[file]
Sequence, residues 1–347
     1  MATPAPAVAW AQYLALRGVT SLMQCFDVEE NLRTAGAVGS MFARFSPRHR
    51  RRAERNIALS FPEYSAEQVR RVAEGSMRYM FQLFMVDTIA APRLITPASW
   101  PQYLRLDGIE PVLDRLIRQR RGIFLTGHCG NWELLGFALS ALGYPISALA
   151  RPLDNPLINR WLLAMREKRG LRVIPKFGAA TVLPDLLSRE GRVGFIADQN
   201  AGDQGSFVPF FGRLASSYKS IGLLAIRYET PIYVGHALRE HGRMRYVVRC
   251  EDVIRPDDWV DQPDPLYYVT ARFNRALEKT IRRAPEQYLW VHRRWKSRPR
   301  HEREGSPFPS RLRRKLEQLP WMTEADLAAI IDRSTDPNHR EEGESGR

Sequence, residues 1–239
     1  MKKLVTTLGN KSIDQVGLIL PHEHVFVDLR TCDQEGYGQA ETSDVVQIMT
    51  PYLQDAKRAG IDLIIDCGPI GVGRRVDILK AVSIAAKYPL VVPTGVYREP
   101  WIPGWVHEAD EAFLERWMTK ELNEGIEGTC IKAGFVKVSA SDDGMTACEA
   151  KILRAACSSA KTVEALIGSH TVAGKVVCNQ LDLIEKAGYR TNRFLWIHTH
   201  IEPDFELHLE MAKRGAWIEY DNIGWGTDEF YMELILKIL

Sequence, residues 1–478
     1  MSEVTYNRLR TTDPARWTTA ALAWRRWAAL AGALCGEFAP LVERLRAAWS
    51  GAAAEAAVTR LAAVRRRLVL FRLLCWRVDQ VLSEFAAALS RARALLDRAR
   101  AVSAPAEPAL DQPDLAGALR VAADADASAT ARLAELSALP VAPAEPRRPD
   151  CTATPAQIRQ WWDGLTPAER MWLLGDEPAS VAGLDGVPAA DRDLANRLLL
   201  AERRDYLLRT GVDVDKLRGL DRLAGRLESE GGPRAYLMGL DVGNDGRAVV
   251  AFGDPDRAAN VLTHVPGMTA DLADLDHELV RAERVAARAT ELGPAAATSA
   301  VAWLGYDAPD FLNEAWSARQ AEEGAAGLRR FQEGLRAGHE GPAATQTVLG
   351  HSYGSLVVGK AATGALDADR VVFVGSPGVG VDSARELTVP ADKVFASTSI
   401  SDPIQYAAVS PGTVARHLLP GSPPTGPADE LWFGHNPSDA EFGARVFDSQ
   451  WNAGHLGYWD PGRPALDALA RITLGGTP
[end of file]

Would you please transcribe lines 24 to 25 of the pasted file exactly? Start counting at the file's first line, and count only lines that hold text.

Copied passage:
   401  SDPIQYAAVS PGTVARHLLP GSPPTGPADE LWFGHNPSDA EFGARVFDSQ
   451  WNAGHLGYWD PGRPALDALA RITLGGTP